Online Tools: Videos EBRSR Stroke Engine
Research

Leslie Chipre

CPSR research helps young mom regain independence

“It was January 31st, 2012, at 5:30 in the morning,” recalls Leslie Chipre, the mother of two young children.

“My kids were asleep. I got up early to get ready for work and to shovel the snow when I began to feel dizzy. I lost my speech. I knew something was terribly wrong.”

But the furthest thing from her mind was a stroke. Leslie was 31 years old with no known risk factors. (Like half of young people who experience a stroke, the event was unpredictable and the cause was unknown.)

After a phone call to her sister for help, an ambulance was dispatched and Leslie’s life changed in ways she couldn’t imagine.

Initially, the stroke completely paralyzed her left side. During the next two years, Leslie would graduate from a wheelchair to a walker to a cane to get around.

Today, Leslie continues to make progress, thanks to research by the Heart and Stroke Foundation Canadian Partnership for Stroke Recovery (CPSR).

To combat spasticity (rigid muscles in her shoulder, arm, hand and leg), Leslie is participating in a study with CPSR-Investigator Dr. George Mochizuki and physiotherapist Cynthia Danells. It involves the use of BOTOX tm injections to relax muscles and a targeted physical therapy program to restore limb function.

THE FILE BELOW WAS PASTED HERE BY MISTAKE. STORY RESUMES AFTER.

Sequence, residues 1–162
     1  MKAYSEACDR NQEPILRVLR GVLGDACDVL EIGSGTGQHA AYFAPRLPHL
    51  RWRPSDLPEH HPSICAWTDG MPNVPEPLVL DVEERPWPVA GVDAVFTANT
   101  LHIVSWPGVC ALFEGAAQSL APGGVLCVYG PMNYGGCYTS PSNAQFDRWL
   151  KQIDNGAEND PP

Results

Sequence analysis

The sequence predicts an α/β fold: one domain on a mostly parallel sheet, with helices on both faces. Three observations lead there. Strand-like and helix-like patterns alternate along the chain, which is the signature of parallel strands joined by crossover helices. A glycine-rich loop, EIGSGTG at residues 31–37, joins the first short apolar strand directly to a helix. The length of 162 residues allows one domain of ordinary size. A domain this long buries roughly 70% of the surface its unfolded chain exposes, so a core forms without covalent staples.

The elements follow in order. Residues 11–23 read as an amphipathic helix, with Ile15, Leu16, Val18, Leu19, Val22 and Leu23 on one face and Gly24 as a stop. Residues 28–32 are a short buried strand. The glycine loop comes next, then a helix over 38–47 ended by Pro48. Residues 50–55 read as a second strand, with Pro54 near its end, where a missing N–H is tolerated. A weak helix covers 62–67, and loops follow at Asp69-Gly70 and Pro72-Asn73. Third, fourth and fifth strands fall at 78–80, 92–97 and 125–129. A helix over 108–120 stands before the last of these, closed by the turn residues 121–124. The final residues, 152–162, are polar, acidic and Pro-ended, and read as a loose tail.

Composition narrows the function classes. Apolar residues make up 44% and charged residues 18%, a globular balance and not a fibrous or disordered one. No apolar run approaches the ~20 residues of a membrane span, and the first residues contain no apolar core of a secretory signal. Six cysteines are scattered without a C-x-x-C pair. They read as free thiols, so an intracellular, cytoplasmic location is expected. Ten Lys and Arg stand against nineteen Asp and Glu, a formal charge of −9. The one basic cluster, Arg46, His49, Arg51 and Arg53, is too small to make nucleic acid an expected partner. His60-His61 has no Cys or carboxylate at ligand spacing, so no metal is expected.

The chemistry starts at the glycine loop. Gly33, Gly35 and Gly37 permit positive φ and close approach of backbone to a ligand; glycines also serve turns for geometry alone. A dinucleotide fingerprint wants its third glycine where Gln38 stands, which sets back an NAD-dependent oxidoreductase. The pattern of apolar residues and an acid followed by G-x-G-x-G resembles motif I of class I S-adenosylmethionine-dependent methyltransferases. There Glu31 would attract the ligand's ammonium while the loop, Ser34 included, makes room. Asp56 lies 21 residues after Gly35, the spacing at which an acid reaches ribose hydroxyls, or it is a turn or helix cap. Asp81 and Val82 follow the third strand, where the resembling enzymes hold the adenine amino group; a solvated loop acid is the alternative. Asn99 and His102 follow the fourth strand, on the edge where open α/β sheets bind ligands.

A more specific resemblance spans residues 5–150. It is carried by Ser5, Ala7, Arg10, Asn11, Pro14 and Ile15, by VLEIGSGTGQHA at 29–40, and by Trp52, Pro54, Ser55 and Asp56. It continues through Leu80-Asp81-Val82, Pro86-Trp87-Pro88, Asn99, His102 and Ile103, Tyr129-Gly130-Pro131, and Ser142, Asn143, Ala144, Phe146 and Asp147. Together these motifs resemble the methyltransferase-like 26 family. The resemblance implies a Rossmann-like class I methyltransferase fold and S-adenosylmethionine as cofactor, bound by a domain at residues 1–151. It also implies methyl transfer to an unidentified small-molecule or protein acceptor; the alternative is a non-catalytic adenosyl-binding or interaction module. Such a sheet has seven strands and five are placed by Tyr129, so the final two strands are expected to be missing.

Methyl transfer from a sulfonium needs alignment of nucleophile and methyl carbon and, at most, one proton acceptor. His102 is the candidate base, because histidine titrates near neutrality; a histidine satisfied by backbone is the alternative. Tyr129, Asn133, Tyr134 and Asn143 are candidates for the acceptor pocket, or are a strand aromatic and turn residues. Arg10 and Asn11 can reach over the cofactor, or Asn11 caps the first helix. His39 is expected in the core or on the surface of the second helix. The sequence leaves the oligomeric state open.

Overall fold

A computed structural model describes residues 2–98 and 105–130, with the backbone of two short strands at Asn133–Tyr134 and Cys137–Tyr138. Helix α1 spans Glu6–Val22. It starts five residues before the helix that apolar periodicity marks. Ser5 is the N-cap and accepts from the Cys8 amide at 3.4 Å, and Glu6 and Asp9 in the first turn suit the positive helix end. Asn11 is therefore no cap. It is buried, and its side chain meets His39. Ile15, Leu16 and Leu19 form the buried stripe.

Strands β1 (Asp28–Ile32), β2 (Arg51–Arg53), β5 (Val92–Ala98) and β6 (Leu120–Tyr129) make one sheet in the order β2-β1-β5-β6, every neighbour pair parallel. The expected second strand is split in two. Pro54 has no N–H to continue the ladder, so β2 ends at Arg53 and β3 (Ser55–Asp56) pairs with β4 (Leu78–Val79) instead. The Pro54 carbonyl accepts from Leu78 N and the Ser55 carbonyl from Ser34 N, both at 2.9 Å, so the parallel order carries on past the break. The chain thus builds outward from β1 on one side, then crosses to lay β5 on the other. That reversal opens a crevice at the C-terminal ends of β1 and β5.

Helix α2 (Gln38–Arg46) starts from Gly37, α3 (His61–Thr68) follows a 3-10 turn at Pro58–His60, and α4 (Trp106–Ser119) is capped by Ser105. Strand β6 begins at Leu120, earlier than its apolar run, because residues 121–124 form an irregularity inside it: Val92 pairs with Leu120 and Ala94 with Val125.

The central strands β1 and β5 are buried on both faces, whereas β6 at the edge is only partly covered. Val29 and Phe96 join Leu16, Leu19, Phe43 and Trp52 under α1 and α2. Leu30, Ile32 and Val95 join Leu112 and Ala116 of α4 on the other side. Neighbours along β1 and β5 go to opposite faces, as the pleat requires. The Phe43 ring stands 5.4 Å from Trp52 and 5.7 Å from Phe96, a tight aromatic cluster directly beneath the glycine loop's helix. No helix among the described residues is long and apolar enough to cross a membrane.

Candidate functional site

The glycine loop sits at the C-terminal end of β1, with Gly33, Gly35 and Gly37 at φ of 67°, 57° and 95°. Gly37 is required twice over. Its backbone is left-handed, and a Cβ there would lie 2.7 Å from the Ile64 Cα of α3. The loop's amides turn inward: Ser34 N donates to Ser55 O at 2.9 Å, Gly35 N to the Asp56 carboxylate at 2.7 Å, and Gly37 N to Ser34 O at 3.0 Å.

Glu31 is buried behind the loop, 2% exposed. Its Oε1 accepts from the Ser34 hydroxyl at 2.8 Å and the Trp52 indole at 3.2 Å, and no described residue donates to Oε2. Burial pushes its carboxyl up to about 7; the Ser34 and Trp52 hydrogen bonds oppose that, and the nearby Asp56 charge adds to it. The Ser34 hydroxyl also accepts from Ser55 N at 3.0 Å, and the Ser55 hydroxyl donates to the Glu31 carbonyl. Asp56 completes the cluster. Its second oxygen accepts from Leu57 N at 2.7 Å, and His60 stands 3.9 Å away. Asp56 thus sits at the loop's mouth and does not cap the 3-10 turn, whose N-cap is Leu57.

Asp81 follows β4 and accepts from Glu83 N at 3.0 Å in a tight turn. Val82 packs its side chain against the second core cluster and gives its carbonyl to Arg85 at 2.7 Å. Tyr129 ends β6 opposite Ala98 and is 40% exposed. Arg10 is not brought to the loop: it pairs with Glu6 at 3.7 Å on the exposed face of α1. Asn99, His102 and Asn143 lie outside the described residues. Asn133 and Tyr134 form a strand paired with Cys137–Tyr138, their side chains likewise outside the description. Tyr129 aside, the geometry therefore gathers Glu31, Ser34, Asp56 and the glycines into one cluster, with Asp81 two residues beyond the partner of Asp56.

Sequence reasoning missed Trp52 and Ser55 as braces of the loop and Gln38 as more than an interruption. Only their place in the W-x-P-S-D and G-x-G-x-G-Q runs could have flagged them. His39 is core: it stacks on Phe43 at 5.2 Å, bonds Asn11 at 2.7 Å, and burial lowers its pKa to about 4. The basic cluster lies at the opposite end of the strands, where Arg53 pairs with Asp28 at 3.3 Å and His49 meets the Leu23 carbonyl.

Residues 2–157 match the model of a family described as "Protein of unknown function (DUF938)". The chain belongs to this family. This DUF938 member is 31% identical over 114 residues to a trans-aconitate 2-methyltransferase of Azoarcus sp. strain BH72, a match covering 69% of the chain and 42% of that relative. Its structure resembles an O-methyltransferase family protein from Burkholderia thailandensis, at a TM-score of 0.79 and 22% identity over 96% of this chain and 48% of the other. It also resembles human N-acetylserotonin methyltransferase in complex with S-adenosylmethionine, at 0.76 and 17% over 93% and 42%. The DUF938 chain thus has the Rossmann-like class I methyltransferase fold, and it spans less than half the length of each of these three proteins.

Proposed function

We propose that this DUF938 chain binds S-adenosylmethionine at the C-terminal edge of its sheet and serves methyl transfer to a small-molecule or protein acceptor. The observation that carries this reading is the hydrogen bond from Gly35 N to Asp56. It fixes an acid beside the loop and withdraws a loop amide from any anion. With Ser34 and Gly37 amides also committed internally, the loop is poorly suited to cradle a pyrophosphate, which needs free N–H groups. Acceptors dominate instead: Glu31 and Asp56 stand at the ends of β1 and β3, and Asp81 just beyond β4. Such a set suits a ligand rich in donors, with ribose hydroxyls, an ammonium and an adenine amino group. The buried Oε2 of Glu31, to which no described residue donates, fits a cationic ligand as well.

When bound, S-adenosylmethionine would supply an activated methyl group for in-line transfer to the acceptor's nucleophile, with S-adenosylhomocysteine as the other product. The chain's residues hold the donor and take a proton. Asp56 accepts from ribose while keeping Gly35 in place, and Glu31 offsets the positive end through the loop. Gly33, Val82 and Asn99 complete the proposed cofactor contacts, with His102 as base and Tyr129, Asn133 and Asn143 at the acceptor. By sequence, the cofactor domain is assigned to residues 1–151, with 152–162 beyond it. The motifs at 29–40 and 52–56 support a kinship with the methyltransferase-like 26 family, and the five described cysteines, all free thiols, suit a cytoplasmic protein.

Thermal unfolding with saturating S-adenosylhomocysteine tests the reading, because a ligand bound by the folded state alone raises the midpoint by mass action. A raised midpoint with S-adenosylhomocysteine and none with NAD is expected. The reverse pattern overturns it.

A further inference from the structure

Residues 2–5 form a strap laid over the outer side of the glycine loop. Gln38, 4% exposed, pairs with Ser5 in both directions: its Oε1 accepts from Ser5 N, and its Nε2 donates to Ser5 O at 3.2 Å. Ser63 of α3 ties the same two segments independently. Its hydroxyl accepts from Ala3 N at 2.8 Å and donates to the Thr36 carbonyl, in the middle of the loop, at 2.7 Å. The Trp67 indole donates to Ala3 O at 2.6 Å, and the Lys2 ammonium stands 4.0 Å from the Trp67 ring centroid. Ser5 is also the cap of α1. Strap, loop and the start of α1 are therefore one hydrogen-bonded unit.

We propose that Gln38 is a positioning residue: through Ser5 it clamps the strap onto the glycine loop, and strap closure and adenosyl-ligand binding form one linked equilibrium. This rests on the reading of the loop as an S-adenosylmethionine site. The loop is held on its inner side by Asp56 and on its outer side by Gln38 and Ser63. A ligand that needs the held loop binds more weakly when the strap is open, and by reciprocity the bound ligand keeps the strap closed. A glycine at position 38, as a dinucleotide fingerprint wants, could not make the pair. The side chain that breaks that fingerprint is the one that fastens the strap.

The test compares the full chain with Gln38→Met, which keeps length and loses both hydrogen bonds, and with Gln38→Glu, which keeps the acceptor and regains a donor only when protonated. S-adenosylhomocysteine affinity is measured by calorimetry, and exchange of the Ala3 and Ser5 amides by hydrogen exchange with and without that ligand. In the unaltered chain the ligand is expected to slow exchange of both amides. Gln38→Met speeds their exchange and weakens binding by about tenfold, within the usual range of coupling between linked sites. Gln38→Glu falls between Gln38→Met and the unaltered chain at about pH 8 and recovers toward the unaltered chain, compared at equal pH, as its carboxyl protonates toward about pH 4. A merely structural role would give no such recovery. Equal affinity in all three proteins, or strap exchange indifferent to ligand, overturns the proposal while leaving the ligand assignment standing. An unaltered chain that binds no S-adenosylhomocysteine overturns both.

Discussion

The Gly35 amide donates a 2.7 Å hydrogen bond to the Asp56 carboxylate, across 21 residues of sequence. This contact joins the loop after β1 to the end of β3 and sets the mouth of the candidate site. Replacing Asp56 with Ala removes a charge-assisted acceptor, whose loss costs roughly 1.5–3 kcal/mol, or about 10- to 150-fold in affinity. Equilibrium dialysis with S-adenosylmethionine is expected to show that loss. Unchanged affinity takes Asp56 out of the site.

“When I started the therapy my hand was in a tight fist. They would literally have to pry my fingers open to get any sort of stretch. Now, I can use my hand and arm more,” Leslie says. “And I don’t need my cane around the house.”

Improved use of her arm and leg also means she can do things in the kitchen like carrying groceries, cutting up food and washing the dishes.

For her, every incremental improvement is, in its own way, life-changing: playing Lego with her nine-year-old son; driving a car; and, striking the keyboard on the computer.

Leslie believes CPSR research will find new and better ways to restore lives after stroke because she is convinced recovery continues for years and “you have to keep going. I am still progressing.”

Participation in the CPSR research study “helped me regain my independence…I feel more normal. It’s obviously gradual but I am still getting stronger.”

Finding ways to help people like Leslie is what the CPSR research is all about.